David Arkowitz

So, this is David. So, we are very focused on minimizing our cost on a go-forward basis and I think you see some of that in our third quarter results and as I talked about, we are going to be taking further actions, both from – we talked about the headcount, the positions that we are removing, but also we are looking very carefully at all our expenses and I talked about how in the fourth quarter we expect our operating costs and expenses, when you exclude stock compensation, restructuring charges to be at or below the level that we experienced in third quarter.

But in terms of what this means going forward, we really need to finalize our label and then we will be in a good position to determine what the outlook is, what the market opportunity is, and what the appropriate spending level is, given that potential.

Operator

Your next question comes from the line of Yaron Werber with Citi. Your line is open.

Yaron Werber – Citi

Yes. Hi, thanks for taking my follow-up. Guys, if I may, I just wanted to get your thoughts as to how do you think these new events or these new occurrences which are – which were not known at the time in which you filed and got approved, any sense as to how would that impact the potential for approval and outlook in Europe?

Brian Pereira

Well, Yaron, a couple of comments I'd like to make. One is that many of the types of events that we observed in clinical trials have been observed in the post-marketing environment, but were not explicitly listed in our label and we plan to update that – our label to reflect that.

With respect to Europe, the review is ongoing and I don't believe it's appropriate to speculate. First, let's see how the resolution of our discussions with the U.S. FDA pans out before trying to answer that question. At this point in time, that's where it is.

Yaron Werber – Citi

Fair enough. Thank you.

Operator

Your next question comes from the line of Geoff Meacham with JP Morgan. Your line is open.

Geoff Meacham – JP Morgan

Hi guys, thanks for the follow-up. So, a little bit different way to ask the previous question. When you look at the SAEs, I know it's exploratory, but is there any defining future among the patients who've had a cardiac event?

Brian Pereira

To be honest, Geoff, we have cut it every which way to identify with the data that we have. As you would, as any responsible organization, we will try and see if there is any particular patient type, any particular dosing paradigm, any site of care, and we don't see any specific pattern. These are sick patients in general. So it's very hard and we have tried our best.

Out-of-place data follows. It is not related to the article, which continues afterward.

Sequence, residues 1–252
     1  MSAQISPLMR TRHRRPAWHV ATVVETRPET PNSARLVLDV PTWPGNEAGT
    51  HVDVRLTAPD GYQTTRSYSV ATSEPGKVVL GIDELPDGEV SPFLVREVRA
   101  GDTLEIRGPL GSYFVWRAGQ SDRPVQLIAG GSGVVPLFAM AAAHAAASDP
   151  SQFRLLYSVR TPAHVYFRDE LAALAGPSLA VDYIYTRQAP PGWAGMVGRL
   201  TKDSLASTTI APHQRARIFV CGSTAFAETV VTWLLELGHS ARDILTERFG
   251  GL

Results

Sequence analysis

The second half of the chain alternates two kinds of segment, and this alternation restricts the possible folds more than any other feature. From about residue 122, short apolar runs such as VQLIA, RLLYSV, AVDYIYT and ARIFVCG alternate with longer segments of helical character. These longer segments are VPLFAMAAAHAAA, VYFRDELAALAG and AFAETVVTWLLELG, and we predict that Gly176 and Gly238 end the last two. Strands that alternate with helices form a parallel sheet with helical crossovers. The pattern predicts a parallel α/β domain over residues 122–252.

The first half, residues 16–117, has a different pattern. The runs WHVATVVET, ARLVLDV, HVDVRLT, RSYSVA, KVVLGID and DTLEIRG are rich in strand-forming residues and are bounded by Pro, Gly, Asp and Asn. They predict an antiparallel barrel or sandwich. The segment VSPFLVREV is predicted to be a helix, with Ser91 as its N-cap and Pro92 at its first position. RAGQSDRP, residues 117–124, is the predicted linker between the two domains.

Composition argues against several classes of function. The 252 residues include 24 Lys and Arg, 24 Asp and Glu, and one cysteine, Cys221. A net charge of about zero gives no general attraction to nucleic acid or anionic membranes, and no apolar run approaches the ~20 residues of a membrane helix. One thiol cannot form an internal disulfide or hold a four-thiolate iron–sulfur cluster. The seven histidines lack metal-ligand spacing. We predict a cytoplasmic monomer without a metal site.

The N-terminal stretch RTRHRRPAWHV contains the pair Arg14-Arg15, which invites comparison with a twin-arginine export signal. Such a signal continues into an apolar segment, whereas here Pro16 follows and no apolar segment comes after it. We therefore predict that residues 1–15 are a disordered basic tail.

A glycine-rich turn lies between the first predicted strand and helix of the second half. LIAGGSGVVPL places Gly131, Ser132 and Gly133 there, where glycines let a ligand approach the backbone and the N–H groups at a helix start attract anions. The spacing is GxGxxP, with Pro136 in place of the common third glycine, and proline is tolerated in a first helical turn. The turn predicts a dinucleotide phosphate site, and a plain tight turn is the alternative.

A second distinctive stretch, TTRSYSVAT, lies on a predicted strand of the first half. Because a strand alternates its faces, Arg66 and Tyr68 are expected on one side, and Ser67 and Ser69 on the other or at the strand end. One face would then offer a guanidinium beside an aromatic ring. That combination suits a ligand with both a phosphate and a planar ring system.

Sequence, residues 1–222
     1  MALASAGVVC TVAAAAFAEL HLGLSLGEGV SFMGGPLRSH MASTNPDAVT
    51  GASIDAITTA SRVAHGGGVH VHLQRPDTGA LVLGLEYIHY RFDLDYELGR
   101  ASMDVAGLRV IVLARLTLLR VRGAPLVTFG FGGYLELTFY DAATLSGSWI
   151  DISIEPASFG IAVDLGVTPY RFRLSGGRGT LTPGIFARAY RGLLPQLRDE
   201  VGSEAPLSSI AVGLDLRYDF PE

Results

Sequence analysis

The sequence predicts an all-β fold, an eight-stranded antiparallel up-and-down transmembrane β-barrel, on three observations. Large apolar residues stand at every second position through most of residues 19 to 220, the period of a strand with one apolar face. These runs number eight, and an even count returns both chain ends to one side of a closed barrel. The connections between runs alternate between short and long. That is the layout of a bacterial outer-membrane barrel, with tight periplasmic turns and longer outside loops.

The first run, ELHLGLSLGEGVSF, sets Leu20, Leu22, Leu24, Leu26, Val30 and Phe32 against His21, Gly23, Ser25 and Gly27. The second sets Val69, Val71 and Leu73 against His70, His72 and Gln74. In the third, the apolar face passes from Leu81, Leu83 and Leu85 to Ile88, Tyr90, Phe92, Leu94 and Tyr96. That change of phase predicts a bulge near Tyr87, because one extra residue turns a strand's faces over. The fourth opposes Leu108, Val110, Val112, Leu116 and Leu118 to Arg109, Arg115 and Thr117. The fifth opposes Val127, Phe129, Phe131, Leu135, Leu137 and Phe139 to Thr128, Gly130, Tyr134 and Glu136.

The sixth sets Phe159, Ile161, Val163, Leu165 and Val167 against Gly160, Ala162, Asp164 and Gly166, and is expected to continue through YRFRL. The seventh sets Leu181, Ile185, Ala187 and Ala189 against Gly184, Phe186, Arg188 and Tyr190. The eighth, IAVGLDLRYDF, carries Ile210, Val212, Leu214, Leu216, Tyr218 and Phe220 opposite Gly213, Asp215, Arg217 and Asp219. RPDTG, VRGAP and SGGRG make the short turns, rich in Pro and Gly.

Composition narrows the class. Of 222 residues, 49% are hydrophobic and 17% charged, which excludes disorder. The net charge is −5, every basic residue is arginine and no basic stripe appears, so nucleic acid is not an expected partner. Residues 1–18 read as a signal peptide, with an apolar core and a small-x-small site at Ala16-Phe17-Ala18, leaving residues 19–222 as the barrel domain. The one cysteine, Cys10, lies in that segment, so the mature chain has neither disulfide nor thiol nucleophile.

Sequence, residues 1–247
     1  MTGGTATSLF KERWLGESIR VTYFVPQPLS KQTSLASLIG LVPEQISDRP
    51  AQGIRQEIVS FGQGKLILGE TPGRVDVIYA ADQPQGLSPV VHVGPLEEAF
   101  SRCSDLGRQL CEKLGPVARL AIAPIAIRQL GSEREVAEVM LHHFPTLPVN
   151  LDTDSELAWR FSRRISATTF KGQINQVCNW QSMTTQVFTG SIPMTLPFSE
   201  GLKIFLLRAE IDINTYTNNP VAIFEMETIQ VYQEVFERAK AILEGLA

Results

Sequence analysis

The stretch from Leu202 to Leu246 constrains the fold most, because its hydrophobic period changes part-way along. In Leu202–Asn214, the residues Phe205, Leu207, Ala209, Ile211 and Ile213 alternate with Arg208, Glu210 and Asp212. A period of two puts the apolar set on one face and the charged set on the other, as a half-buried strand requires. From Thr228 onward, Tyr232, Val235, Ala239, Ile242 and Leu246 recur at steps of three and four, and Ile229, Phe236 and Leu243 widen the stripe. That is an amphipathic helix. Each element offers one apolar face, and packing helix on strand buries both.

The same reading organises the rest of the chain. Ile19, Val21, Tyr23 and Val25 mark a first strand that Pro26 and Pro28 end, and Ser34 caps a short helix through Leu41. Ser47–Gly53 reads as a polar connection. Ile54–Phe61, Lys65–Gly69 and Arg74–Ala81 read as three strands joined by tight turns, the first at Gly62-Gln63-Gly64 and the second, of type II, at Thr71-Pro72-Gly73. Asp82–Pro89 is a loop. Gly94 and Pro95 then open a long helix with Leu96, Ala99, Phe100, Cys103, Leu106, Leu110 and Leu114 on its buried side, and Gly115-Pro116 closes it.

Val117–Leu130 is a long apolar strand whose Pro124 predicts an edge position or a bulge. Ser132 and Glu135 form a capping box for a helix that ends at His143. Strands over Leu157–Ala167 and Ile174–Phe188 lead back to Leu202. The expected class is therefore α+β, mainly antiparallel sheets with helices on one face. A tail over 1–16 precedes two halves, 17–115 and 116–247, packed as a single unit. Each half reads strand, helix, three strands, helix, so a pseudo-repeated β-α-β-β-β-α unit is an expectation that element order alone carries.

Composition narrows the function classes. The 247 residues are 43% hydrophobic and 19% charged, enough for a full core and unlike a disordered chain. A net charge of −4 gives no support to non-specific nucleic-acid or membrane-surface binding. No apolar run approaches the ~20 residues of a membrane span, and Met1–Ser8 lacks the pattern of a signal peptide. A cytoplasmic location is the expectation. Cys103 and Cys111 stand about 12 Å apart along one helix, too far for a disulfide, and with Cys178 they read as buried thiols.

Geoff Meacham – JP Morgan

And that's on a background of pretty high comorbidities obviously?

Brian Pereira

That's correct. I mean, as I said earlier, dialysis patients have a 23% annual mortality rate and a 10% rate of cardiac arrest each year. So, we are dealing with a patient population which has very high morbidity and mortality, particularly cardiovascular, and the Agency is aware of that.

Geoff Meacham – JP Morgan

Okay. And then last question, do you have sense of the drug that made the DARRTS list, which ones don't have a black box?

Brian Pereira

We haven’t done that analysis. There have been many products which have been on the TSI list for a long while. I think different organizations approach this differently. As I said earlier, for us safety is our priority. When we got listed, we reached out to the Agency to find out what is the basis.

Operator

Your next question comes from the line of Eun Yang with Jefferies. Your line is open.

Eun Yang – Jefferies

Thanks for taking the follow-up question. Regarding the cardiac disorder event, in the clinical trials, the incident rate, the incident was less than 1%. So now these events keep coming up, and it sounds like it could be reflected in the label. Should we assume that the cardiac events that are you seeing in post-marketing is approaching 1% or over 1%?

Brian Pereira

Well, in the post-marketing environment, there is no percentage cutoff, Eun. When you observe events in the post-marketing environment, you list them. If you look at the labels of the other IV irons of the market, all of these events are listed in their – many of these events are listed in their labels.

Eun Yang – Jefferies

Okay, fair. Thank you.

Operator

Ladies and gentlemen, at this time, we have reached the end of today's conference call. I now turn the call back over to Ms. Sullivan.

Amy Sullivan

Thank you, Simon, and thank you to everyone on the call for joining us tonight. Carol and I will be here for quite some time. If you have any additional questions, please feel free to call.

Operator

Ladies and gentlemen, this concludes today's conference call. You may now disconnect.